John Owen on Limited Atonement

Posted: January 9, 2012 in Uncategorized

Christopher D. Bass (Ph.D. in New Testament, The Southern Baptist Theological Seminary) is a church planter and pastor of Redeemer Fellowship Church in the Boston area.  I am currently reading his work on the doctrine of assurance as seen in 1 John.  In his excursus on the “whole world” of 1 John 2:2, he quotes John Owen at length.  The quote, Bass calls, the “definitive statement on the issue” of limited atonement and states that to his knowledge “no one has adequately refuted” Owen’s argument.

In his book, The Death of Death in the Death of Christ, Owen says this:

“God imposed his wrath due unto, and Christ underwent the pains of hell for, either all the sins of all men, or all the sins of some men, or some sins of all men.  If the last, some sins of all men, then have all men some sins to answer for, and so shall no man be saved; for if God enter into judgment with us, though it were with all mankind for one sin, no flesh should be justified in his sight…If the second, that is it which we affirm, that Christ in their stead and room suffered for all the sins of all the elect in the world.  If the first, why, then, are not all freed from the punishment of all their sins?  You will say, ‘Because of their unbelief; they will not believe.’  But his unbelief, is it a sin, or not?  If not, why should they be punished for it?  If it be, then Christ underwent the punishment due to it, or not.  If so, then why must that hinder them more than their other sins for which he died…?  If he did not, then did he not die for all their sins.  Let them choose which part they will.”

That passage was written in the 1600’s.  It is one of the strongest arguments in favor of Limited Atonement and one of the logical reasons I fall in this camp. 

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Comments
  1. Christopher Pope says:

    The counter-argument I’ve heard most often for Owen’s point is that rejecting Christ’s forgiveness is by definition unforgiveable. My sins, including my rejections of Christ prior to accepting Him, are forgiven because I eventually believed and asked forgiveness. Christ’s death covers such sins, but (the Arminian would say), forgiveness is not applied unless and until we believe.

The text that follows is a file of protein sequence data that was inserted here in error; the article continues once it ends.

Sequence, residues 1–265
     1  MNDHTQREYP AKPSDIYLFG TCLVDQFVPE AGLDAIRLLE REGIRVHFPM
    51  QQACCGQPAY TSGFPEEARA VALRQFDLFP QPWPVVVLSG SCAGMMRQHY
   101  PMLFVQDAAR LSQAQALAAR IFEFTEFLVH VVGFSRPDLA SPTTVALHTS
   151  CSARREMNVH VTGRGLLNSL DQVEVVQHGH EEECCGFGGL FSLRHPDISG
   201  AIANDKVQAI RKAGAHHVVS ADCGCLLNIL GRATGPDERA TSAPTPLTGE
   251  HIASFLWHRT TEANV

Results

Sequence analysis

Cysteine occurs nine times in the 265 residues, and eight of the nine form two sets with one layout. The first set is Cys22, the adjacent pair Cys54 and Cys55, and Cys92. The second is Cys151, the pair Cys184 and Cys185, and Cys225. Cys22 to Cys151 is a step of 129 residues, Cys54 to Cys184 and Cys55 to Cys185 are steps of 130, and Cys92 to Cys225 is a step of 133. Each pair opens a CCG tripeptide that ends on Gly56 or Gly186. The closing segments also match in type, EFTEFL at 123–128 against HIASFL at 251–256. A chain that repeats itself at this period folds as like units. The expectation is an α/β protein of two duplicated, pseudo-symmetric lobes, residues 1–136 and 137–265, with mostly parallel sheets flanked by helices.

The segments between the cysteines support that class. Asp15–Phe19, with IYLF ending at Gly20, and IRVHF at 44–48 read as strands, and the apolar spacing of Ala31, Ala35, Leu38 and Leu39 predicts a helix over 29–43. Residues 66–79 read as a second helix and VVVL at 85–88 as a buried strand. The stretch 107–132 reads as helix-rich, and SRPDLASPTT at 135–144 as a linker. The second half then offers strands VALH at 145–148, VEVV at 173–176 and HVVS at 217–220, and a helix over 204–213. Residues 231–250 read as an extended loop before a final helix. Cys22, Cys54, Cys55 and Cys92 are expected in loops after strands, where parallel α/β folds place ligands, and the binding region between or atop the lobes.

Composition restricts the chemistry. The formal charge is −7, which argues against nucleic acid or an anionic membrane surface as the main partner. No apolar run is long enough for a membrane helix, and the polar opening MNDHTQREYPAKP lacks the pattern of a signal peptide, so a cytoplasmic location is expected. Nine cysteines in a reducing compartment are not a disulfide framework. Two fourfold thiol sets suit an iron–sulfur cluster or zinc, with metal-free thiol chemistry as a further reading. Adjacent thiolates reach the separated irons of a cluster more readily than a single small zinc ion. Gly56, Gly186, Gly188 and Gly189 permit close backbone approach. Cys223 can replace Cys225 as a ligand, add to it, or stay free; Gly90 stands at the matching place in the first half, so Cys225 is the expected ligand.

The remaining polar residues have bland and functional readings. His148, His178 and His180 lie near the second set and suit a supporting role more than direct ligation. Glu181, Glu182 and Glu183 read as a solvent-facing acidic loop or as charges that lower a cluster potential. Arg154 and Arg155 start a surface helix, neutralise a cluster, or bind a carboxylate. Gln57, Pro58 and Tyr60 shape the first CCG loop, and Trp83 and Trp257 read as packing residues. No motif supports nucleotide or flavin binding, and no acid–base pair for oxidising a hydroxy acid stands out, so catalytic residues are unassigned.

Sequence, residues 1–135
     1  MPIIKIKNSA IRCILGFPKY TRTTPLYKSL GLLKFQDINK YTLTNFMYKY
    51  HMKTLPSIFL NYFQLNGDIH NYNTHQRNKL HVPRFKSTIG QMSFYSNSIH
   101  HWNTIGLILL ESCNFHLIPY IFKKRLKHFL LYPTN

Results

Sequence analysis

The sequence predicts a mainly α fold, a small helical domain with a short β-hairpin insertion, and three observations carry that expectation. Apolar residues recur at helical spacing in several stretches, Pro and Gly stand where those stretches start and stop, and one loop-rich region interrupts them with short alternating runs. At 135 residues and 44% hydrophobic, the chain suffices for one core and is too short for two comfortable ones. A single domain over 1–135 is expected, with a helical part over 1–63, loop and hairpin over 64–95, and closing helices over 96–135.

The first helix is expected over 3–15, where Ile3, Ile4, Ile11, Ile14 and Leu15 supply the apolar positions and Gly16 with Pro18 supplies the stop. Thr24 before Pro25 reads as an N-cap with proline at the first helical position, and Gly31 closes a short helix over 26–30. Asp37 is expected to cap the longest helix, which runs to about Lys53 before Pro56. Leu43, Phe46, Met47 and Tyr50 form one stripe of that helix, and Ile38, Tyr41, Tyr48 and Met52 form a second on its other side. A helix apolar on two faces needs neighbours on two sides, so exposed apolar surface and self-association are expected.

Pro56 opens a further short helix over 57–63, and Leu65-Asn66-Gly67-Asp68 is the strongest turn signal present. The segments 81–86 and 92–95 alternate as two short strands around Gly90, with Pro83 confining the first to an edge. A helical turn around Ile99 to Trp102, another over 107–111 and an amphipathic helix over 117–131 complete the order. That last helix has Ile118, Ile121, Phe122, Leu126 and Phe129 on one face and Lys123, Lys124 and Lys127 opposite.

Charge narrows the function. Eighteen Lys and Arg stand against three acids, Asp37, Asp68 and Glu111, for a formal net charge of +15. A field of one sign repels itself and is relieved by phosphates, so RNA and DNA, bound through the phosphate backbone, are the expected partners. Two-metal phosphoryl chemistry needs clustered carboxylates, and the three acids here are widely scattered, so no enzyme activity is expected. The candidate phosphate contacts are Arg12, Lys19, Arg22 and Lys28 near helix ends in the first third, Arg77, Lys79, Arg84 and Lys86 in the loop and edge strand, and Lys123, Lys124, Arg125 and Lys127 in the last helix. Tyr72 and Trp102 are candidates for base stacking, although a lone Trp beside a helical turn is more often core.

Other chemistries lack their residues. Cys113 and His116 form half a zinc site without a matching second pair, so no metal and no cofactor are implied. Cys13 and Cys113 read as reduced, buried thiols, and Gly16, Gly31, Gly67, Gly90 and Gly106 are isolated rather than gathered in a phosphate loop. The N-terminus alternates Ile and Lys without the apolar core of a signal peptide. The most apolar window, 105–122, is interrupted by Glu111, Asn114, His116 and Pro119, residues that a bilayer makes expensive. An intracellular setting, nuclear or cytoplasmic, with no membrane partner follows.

That Arminian argument depends on a disconnect between the atonement and faith, that there is forgiveness waiting that is never received, atonement made that is never applied. But this assumes what the Arminian is trying to prove, that everyone including those who die in unbelief had atonement made for them.
    I think the best way to confront this assumption is to show biblically that faith (i.e., one’s acceptance of Christ) is a work of the Holy Spirit that is itself secured by Christ’s death. Those Christ atones for are the same set of individuals who are granted faith and repentance. Any other scheme either affirms universal salvation or else leaves people “falling through the cracks” somewhere along the way. Read the context in which Paul says, “He who did not spare even His own Son, but instead gave Him over for us all – how will He not grant all things to us, along with Him?”
    But it makes sense that Arminians will reject limited atonement, since their system is built on the real possibility of rejecting forgiveness regardless what God has done. For God to respect “free will,” He can never do so much that a person MUST believe and can therefore never secure a person’s salvation, and so anything determinative and final about the cross is ruled out from the beginning. What I do not understand, and have yet to see argued in light of Owen, is how a “4-point Calvinist” can affirm unconditional election and effectual calling and still argue for a universal atonement.

  2. Christopher Pope says:

    Gosh, could I have used any more jargon in that post? One thing I’ll say for Owen is that he writes more simply and clearly in King James English than I can in today’s language. (At least I didn’t say “hermeneutic.”)

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